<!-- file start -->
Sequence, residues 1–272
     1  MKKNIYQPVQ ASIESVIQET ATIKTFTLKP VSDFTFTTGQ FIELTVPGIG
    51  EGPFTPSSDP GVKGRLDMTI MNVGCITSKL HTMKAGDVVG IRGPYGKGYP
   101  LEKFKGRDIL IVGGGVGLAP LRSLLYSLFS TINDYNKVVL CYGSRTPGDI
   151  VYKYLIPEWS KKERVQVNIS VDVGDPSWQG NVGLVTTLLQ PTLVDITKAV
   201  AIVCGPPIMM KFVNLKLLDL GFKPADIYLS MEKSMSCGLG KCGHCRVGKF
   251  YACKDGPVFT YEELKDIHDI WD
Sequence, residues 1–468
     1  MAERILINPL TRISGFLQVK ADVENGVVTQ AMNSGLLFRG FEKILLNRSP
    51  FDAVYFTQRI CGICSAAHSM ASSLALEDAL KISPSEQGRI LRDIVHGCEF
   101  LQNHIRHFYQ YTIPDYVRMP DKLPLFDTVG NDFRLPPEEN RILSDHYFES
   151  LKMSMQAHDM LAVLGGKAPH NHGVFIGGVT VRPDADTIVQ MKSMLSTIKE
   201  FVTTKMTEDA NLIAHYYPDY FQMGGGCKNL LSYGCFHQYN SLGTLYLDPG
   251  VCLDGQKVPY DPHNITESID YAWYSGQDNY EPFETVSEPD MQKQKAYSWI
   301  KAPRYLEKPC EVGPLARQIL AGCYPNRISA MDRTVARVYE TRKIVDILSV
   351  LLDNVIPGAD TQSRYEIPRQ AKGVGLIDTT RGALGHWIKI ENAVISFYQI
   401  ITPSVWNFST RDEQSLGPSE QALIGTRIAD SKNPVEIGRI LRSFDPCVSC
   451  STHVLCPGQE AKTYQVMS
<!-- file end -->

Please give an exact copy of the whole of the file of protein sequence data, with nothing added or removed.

Sequence, residues 1–272
     1  MKKNIYQPVQ ASIESVIQET ATIKTFTLKP VSDFTFTTGQ FIELTVPGIG
    51  EGPFTPSSDP GVKGRLDMTI MNVGCITSKL HTMKAGDVVG IRGPYGKGYP
   101  LEKFKGRDIL IVGGGVGLAP LRSLLYSLFS TINDYNKVVL CYGSRTPGDI
   151  VYKYLIPEWS KKERVQVNIS VDVGDPSWQG NVGLVTTLLQ PTLVDITKAV
   201  AIVCGPPIMM KFVNLKLLDL GFKPADIYLS MEKSMSCGLG KCGHCRVGKF
   251  YACKDGPVFT YEELKDIHDI WD
Sequence, residues 1–468
     1  MAERILINPL TRISGFLQVK ADVENGVVTQ AMNSGLLFRG FEKILLNRSP
    51  FDAVYFTQRI CGICSAAHSM ASSLALEDAL KISPSEQGRI LRDIVHGCEF
   101  LQNHIRHFYQ YTIPDYVRMP DKLPLFDTVG NDFRLPPEEN RILSDHYFES
   151  LKMSMQAHDM LAVLGGKAPH NHGVFIGGVT VRPDADTIVQ MKSMLSTIKE
   201  FVTTKMTEDA NLIAHYYPDY FQMGGGCKNL LSYGCFHQYN SLGTLYLDPG
   251  VCLDGQKVPY DPHNITESID YAWYSGQDNY EPFETVSEPD MQKQKAYSWI
   301  KAPRYLEKPC EVGPLARQIL AGCYPNRISA MDRTVARVYE TRKIVDILSV
   351  LLDNVIPGAD TQSRYEIPRQ AKGVGLIDTT RGALGHWIKI ENAVISFYQI
   401  ITPSVWNFST RDEQSLGPSE QALIGTRIAD SKNPVEIGRI LRSFDPCVSC
   451  STHVLCPGQE AKTYQVMS